Book review: Musk finds “extremely hardcore” ways to destroy Twitter


Zoë Schiffer’s new book is the story of how Elon Musk has done the near-impossible and took the mantle of most hated tech personality from Mark Zuckerberg – in less than two years.

Working in a tech and cybersecurity news publication, I feel lucky that there’s plenty for us to write about – hacks, cyberattacks, AI innovation and regulation, and the tech business in general.

That’s because surely I would have gone mad if I had to constantly cover Elon Musk and his first months at Twitter, now renamed X.

Then again, Schiffer, the managing editor of Platformer, reported on the whole tumultuous takeover, and she’s now written a book about it. Not bad.

Reading “Extremely Hardcore” is definitely not a pleasant experience. On the contrary, it’s actually painful to relive all these Elonesque shenanigans neatly packaged into a book.

When you’re reporting on Musk all year long, all those details reaching the world from downtown San Francisco can be hilarious.

In the office, we were laughing. But it looks quite tragic when the events – obviously painful to thousands of laid-off workers and Twitter aficionados who now have to live with a joke of a platform – are summarized, and you read through them in a couple of days.

High hopes, grim reality

With Musk, unanimous impressions are impossible. He’s either a visionary genius or the son of a white Apartheid-era South African who supported young Elon during his college years with money from an emerald mine.

He’s either an incredibly intuitive entrepreneur who can be an example to others and save Earth or move us to Mars or a mad and paranoid control freak who’s obsessed with himself and likes to play God with the livelihoods of people and companies.

Before the fall of 2022, when Musk was finally forced to buy Twitter, it was probably fifty-fifty. Now, even though Elon is still adored by millions of fanboys, many have had their eyes opened.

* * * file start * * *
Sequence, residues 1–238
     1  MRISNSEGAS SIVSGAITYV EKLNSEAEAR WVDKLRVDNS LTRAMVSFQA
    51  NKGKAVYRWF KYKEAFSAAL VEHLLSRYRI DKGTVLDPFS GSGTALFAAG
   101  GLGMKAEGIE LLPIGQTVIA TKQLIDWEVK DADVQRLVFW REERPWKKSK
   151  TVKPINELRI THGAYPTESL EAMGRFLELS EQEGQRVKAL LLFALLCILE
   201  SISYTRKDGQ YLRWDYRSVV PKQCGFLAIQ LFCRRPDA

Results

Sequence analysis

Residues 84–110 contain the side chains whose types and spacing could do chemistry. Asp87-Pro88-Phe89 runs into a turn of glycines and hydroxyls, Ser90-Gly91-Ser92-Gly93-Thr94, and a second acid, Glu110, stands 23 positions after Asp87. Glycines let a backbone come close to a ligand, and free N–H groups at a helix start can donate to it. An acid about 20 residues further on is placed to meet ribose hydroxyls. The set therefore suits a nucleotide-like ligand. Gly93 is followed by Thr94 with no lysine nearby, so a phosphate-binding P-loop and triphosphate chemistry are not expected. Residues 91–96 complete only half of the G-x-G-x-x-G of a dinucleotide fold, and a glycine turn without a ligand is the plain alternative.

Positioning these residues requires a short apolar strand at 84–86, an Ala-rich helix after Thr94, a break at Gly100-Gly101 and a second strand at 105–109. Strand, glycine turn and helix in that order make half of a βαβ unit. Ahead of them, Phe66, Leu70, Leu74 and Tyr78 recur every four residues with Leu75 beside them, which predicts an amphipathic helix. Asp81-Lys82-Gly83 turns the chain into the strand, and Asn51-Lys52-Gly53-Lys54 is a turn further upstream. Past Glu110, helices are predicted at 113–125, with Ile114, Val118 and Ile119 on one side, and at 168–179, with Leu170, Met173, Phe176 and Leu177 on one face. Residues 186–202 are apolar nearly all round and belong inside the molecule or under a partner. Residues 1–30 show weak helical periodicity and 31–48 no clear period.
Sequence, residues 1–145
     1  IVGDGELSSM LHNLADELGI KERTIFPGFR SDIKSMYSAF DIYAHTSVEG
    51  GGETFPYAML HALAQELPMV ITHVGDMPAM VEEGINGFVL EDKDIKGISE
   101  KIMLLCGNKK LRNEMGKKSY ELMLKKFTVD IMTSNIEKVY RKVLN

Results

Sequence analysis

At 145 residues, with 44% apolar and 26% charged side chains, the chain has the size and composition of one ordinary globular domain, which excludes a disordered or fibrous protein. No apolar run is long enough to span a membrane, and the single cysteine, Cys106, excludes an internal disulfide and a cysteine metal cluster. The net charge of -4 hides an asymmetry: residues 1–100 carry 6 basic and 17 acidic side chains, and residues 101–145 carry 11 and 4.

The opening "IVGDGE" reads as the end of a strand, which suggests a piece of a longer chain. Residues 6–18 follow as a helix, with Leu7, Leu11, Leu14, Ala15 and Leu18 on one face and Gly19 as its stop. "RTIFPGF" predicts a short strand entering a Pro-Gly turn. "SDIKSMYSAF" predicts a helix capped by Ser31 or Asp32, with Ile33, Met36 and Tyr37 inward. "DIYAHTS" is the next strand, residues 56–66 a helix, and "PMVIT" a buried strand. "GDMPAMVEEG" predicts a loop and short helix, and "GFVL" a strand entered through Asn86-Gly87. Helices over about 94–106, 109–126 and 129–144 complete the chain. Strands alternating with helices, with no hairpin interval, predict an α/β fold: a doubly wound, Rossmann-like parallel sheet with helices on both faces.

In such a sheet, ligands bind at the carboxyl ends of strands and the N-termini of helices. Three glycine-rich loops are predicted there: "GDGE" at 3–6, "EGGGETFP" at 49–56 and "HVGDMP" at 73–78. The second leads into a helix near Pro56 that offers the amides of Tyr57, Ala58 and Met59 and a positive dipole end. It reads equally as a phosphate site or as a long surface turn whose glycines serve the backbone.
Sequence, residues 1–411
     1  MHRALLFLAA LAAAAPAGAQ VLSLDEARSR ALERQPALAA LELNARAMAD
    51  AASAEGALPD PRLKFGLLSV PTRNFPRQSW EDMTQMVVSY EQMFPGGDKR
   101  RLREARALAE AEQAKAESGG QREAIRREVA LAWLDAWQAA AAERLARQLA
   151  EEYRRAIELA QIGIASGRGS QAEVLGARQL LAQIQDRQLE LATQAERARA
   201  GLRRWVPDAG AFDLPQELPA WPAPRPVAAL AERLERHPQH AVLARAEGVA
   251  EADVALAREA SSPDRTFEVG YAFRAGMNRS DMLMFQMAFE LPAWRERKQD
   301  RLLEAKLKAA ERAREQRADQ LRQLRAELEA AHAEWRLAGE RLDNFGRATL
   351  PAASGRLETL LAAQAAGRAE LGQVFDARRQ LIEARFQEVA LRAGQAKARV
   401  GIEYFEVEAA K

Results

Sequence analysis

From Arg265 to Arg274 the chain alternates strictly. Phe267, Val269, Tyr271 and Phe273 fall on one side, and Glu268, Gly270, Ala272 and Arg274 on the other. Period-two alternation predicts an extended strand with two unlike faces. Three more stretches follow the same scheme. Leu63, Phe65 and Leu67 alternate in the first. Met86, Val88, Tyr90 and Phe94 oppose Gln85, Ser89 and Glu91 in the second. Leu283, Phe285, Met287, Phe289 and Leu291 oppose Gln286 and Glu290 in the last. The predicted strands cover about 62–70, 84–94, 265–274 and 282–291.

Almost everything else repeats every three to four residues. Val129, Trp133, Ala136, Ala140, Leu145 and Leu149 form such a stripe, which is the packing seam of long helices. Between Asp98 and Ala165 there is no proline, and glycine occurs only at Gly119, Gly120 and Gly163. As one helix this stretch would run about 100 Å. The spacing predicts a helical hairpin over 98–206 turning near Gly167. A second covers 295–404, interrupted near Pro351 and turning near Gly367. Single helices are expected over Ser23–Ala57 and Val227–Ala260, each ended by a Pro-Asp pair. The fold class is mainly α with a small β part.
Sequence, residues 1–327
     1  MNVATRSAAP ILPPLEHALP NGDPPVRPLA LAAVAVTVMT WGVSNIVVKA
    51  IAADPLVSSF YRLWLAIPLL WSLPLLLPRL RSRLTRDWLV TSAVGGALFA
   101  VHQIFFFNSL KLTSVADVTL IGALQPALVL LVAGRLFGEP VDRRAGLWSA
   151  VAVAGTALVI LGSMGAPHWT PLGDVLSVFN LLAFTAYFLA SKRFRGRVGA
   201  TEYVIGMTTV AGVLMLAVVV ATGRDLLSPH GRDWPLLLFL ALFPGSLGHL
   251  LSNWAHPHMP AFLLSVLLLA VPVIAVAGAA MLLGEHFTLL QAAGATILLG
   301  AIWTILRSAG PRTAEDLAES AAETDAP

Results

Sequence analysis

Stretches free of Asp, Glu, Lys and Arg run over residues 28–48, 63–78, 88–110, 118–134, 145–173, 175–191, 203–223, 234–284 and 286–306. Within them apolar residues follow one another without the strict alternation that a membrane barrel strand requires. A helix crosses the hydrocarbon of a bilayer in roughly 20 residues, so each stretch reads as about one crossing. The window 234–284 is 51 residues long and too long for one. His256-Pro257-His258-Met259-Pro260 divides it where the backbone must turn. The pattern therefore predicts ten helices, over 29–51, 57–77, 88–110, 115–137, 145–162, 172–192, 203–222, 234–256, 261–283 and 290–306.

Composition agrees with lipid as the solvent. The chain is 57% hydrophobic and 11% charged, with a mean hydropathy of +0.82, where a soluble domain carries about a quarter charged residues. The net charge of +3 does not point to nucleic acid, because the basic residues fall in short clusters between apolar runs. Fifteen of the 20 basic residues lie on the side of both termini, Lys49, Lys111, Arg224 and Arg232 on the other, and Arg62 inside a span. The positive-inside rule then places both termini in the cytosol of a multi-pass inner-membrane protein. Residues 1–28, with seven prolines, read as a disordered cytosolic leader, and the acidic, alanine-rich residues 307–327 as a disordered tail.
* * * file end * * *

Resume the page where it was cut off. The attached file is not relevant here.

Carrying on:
As Schiffer writes, in the beginning, there was hope. Jessica Lessin, the founder of The Information, indeed tweeted: “Watching @elonmusk + Co take over Twitter is like watching a business school case study on how to make money on the internet.”

Except, of course, that’s not what happened. Schiffer, who commendably manages to avoid judging Musk – unlike me, sorry, not sorry – and maintains a matter-of-fact style throughout her chronicle-like book, is very right when she sums up the current state of play at X.

“The attributes that made Musk good at tweeting – a combination of recklessness and shamelessness – made him exceedingly bad at running Twitter. His impulsiveness did not play well with advertisers. His thirst for speed alarmed regulators. And his opposition to content moderation alienated regular users,” writes Schiffer.

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Elon Musk and his social media platform X, formerly known as Twitter. Image by Shutterstock.

“Six months after the deal closed, Twitter had lost two-thirds of its value and found itself in hot water with lawmakers in the United States and Europe.”